The Liquor law and events in the Western Cape: what you need to know.
There are a multitude of liquor licences that one can apply for but the one we are going to look at for the purposes of this article is the Event licence. It’s this type of Liquor licence that will enable you to sell liquor at your event.
Many event organisers find the task of applying for a liquor licence rather overwhelming, and lets be honest - it is quite a thing if you’re applying for the first time. There are more forms and rules and regulations than you could shake a stick at, so we thought we’d get stuck in and help simplify this for you.
Before you start...
To start off there are 5 key points that you need to know before starting the process:
- Deadline: There is a deadline! This deadline can be confusing but to put it in simple english, you need to ensure there are 40 days BETWEEN the date you submit the licence and the date your event begins.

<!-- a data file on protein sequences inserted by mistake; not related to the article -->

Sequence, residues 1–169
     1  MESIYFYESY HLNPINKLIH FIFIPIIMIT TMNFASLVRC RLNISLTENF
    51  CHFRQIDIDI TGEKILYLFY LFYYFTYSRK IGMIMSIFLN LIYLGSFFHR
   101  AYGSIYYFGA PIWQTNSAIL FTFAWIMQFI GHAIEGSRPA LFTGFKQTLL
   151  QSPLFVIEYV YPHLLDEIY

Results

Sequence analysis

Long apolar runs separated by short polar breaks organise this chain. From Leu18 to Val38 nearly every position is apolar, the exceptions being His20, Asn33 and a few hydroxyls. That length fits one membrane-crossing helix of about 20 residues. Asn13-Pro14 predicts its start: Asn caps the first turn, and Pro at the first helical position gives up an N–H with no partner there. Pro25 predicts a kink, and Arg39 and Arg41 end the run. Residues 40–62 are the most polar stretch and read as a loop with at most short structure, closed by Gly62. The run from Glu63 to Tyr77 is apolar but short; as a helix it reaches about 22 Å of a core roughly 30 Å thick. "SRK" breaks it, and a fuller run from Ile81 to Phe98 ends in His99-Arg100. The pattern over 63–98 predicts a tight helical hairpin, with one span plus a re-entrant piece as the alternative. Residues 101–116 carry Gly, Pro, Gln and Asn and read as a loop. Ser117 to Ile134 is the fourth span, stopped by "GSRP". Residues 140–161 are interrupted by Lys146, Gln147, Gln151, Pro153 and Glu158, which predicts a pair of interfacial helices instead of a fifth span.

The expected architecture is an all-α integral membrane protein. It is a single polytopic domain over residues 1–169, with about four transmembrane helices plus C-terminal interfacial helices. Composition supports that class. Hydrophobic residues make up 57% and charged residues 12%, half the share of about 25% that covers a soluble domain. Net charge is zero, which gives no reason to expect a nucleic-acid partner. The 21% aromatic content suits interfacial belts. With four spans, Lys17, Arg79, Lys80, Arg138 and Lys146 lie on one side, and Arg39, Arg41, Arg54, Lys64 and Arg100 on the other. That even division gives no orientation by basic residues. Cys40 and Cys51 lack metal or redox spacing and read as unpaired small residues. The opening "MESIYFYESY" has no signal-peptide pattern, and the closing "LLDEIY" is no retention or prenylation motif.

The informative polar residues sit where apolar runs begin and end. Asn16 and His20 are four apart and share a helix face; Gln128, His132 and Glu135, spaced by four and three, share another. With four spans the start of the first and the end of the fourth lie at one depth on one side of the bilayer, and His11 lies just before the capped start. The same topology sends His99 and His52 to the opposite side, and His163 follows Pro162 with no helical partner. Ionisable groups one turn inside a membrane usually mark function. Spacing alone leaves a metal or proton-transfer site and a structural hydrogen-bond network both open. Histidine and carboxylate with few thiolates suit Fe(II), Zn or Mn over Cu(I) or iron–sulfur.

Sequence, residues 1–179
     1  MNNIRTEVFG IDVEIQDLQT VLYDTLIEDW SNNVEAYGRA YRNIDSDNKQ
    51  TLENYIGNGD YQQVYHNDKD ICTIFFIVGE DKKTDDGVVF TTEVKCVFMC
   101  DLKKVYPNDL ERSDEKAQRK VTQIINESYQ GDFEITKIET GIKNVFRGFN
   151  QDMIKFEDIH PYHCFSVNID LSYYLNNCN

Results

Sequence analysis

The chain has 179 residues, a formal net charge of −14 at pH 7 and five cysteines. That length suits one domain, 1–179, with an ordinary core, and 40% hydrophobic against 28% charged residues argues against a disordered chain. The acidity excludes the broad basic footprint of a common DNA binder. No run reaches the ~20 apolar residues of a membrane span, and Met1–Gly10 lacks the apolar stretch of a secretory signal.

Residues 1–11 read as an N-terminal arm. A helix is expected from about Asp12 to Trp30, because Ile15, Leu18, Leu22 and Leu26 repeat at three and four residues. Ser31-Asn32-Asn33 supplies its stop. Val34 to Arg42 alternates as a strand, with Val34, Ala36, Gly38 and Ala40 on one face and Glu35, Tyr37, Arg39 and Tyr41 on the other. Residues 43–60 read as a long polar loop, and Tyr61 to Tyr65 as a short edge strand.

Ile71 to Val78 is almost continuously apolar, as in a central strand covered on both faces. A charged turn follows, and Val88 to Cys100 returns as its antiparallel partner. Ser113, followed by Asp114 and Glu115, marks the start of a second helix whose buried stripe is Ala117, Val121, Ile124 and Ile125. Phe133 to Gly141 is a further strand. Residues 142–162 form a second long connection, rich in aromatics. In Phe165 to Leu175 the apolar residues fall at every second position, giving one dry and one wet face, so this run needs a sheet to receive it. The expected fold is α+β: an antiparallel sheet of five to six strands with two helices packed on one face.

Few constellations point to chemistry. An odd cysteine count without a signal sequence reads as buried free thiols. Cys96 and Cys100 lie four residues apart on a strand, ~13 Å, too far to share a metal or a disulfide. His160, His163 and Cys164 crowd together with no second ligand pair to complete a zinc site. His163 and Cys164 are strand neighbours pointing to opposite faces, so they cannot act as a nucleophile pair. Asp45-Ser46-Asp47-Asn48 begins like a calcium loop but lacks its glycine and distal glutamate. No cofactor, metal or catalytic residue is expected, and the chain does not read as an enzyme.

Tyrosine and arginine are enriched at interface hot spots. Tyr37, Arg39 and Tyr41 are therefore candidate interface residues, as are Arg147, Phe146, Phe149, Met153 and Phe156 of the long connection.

- Liquor & Event licence: Your liquor licence and event licence go hand in hand! You can’t apply for a liquor licence without having already applied for your event licence.
- Fees: The fees for a licence are R350 per day that you sell liquor at an event in the Western Cape.
- DLO report: This is a report that you will get from the local SAPS in the area your event is being held, you will need to submit all licensing documents to the Liquor officer for this report.
- Liquor trading times: The times you may trade are restricted to 10am – 2am unless your liquor licence states “the trading hours will be as determined by the local authority”.
Getting it done
Okay so let’s get into the process itself. The following is the step by step process on how to apply for an event liquor licence with all the forms and supporting documents required. Bear with us because this is where you may start to feel stressed and find yourself searching for a towel to dry your sweaty palms on:
First you will need to ensure your event application has been applied for at the local municipality or City of Cape Town events department (depending on where your event is being held). Relatively simple start.